Bourne, MA, Day 4 Cape Cod

We woke up before the alarm went off at 7 AM, so we could be sure to make the 9:00 ferry to Martha’s Vineyard. We had breakfast and pulled out about 8:15 for our 20 minute ride into Falmouth. Morning traffic was light and we found the Island Queen parking lot with ease.

We parked the truck and walked 2 blocks to the ferry and ticket office.

After buying our tickets, we went on board and found a seat on the bow.

The ferry left 10 minutes early because we were at full capacity. We slowly left the dock and meandered out of the harbor.

This big yacht was sitting at the dock next to us before we left. There were quite a few big boats in the harbor.

The day was just beginning and people were anxious to get to the island. Seas were calm, skies were sunny, and the temp. would be in the low 80’s today. We approached the Oak Bluffs harbor and we could see the familiar Cape Cod homes perched on the bluffs above. 

From the ferry, we could see the East Chop Lighthouse sitting on the bluff high above the city. There are a total of 5 lighthouses on the island.

We pulled up to the dock at 9:30 after a 40 minute ride across Nantucket and Vineyard Sounds.

Martha’s Vineyard is 100 sq. miles of geographic and architectual diversity with each of the 6 towns offering its own one-of-a-kind image. The island is basically triangular in shape, bounded on the northeast by Nantucket Sound and on the northeast by Vineyard Sound. The Atlantic Ocean is to the south. After disembarking, we walked into the town of Oak Bluffs to locate the office for Martha’s Vineyard Sightseeing Tour. We wanted to get an overview of the entire island and give Bob some relief from all the driving he’s done.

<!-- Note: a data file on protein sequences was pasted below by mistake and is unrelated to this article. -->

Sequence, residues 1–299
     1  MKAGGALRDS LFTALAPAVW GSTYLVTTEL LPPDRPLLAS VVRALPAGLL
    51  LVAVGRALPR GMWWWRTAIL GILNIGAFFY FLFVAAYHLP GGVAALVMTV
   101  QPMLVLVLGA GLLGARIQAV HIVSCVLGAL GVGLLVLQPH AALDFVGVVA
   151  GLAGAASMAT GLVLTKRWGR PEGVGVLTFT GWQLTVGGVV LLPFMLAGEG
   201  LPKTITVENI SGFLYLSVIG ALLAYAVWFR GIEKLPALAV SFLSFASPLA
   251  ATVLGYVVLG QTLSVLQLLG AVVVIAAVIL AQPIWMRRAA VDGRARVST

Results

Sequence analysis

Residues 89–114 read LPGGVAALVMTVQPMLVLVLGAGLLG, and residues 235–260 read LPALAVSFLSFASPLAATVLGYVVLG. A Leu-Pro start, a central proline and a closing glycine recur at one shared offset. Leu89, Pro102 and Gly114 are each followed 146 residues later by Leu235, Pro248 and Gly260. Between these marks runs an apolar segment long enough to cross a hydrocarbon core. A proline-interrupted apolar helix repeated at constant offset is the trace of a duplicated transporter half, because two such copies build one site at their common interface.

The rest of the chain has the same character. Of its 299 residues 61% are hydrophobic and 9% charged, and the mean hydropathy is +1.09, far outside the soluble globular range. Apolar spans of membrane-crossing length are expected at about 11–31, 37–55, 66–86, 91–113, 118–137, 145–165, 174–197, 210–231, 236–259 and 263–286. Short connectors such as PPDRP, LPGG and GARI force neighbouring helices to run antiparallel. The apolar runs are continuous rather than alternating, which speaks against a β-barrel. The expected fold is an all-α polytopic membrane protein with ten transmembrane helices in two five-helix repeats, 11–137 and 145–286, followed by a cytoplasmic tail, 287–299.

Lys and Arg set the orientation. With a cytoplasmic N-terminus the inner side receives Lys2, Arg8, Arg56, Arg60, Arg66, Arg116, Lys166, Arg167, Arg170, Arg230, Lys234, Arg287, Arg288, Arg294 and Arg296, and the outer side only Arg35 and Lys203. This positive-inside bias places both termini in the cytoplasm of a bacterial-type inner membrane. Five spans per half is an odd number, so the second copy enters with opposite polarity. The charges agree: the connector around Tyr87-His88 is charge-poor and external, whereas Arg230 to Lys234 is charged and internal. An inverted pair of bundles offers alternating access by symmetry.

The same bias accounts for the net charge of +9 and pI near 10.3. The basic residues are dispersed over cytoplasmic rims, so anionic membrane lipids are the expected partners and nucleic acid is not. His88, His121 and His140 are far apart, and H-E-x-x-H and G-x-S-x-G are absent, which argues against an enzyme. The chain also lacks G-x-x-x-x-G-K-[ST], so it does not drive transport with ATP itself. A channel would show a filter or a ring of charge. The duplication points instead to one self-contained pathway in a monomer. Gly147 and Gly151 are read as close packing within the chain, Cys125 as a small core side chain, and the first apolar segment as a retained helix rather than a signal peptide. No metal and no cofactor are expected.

We decided to take the 2 1/2 hour narrated tour of the island, through each of the six towns, including a 30 minute stop at Gay Head Cliffs. We boarded the blue tour bus and left on the 10:05 tour.

Our tour guide, Jim, began the tour in Oak Bluff down at the waterfront at Oak Bluff harbor. Oak Bluffs is the island’s second port of entry with the main port being Vineyard Haven. The area was overflowing with people.

The homes across the street had very intricate designs of filligree trim.

We headed out of town to our next stop which was the town of Vineyard Haven. Vineyard Haven, the main port of entry to Martha’s Vineyard, grew into a bustling seaport during the age of whalng. It was a natural refuge used by schooners waiting for fair winds and tides. This is its protected harbor.

The larger town around it is called Tisbury. This is the Tisbury Police Station and jail which are still in use.

Our guide pointed out all the important landmarks, filled us in on the local history, pointed out the homes of stars and other important people, and interjected humor and bits of storytelling along the way. The next area we came to was Chilmark as we circled the island to the west. Chilmark is a rural town. Rolling hills and stone fences are reminiscent of the farming prevalent in the 17th century. Sheep still graze on farms with the Atlantic Ocean beyond.

The town of Mememsha was nearby. It is a working fishing village as seen in the movie “Jaws”. The city just finished Jawfest last weekend. It was a 4 day celebration of the Universal Studios 100th Anniversary and release of “Jaws” on Blu-Ray. “Jaws” was filmed on Martha’s Vineyard.

Here, two roads converge in Chilmark to form Beetlebung Corner.

The word “beetlebung” was invented on Martha’s Vineyard and refers to the tupelo tree. A grove of them stands at the intersection. The hard wood from the tupelo tree was used to make stoppers (bungs) for barrels and the mallets, or beetles, were used to hammer in the stoppers. Hence, beetlebung. (I just like the word.) From here, we zipped across the countryside to the western tip of the island and Aquinnah where we found the Gay Head Cliffs.